June 2005 Issue
Ohio boasts an abundance of strawberry farms with summer treats that are ripe for harvesting.
Lori B. Murray
As the first ripe strawberries appear in their cardinal-red splendor, it's a sign that summer has officially arrived in Ohio. Forget about those worn-out berries that make the trek across the country from California. Ohio has some of the sweetest, juiciest strawberries to be found, and every summer Ohioans prove it with a host of strawberry farms and farm markets that invite visitors to enjoy the fruits of their labor. But with only about six weeks to capitalize on this delectable treat, there's little time to lose.
The best of berries
Although Ohio does not produce nearly as many strawberries as Florida and California, berries purchased locally are more flavorful. "[California] berries have to be picked green in order to ship them," says Ohio State University extension educator Brad Bergefurd. "These berries have been picked before their peak of ripeness. When you pick a green fruit, it will never make more sugar." The result is a berry that lacks that extra sweetness.
Because Ohio has a shorter season and less acreage, growers simply cannot meet the state's strawberry demands. As a result, it's not likely that native strawberries will be found in the supermarket. Instead, Ohio growers market their berries through farm markets and pick-your-own venues. "They can retail on the farm for probably $1 to $1.50 a quart more than a wholesaler wants to pay," says Sandy Kuhn, berry marketer with the Ohio State University College of Food, Agricultural and Environmental Sciences. "The berries are also highly perishable â€” yet another marketing challenge."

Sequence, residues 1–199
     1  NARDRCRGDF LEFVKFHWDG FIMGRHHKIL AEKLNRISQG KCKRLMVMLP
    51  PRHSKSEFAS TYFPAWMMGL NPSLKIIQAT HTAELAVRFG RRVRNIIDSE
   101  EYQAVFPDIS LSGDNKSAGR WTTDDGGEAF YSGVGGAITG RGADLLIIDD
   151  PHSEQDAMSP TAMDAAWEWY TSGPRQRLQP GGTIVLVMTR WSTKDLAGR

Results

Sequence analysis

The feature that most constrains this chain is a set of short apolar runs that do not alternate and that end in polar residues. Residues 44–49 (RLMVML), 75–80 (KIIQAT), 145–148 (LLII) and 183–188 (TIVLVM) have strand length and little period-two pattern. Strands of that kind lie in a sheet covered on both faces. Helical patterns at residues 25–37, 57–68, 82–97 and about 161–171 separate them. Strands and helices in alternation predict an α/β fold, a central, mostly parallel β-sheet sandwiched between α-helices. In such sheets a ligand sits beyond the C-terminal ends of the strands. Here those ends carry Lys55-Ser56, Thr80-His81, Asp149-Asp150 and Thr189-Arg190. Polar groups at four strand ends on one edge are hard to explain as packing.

With all of these factors to consider, the answer for many growers is to attract buyers to the farm. Here in Ohio, that's happening in unprecedented numbers. Consider a trip to Stacy Family Farm in Marietta. Throughout strawberry season, Bill and Janet Stacy host a large number of school field trips. For $4 each, students watch a slide show on how strawberries are grown. Then they get to pick their own strawberries, go on a hayride, learn about the workings of a farm from Farm Bureau volunteers and, finally, gobble down a dish of strawberry shortcake. "We do it for the educational experience, because we don't make money doing this," says Janet. "Then the kids bring their parents and grandparents back to see the farm and pick more berries."
Folks may be flocking to the strawberry farm, but their approach is a bit different than it was 20 or 30 years ago, when you were more likely to see stay-at-home moms visiting farms for produce every day of the week. Today, most families pick their produce on the weekends, and it becomes more of a family outing. "It's a good experience for people in the city who don't get a chance to do that," says Steve Polter of Polter's Berry Farm in Fremont. "Parents come out to relive their glory days and show their kids a good time."
Still, pick-your-own accounts for only about 25 percent of all berries harvested at Polter's. The trend is to buy prepicked, and the added cost doesn't seem to be a deterrent. "The younger generation values their time more," says Polter.
Seeds of change
Bergefurd is developing ways to lengthen the growing season for Ohio strawberry farmers. His work with a new production technique known as plasticulture is helping to achieve that goal. While the traditional, matted-row system has worked for years, the new plasticulture method allows growers to plant in the fall and harvest the following April or May, about two or three weeks earlier than when berries traditionally are harvested. In the fall, the berries are planted on top of a big bed of dirt that is covered with black plastic. The plants never go dormant, but stay green all winter.
"Currently there are probably about 100 acres of plasticulture strawberries being grown in Ohio," says Bergefurd.
"They are not replacing the traditional matted method â€” just adding to it and extending the harvest period."
The Polters have 10 acres devoted to strawberries, and Steve Polter has been in the strawberry business his entire life. Along with his father Dan and brother Tony, Steve grows between 12 and 15 strawberry varieties each year. "The main reason to have different varieties is to space the season out and to not put all our eggs in one basket," he explains. "But the Jewel is the best all-around berry for us. It has good color, and it's one of the larger berries." Jewel berries typically ripen around mid-June.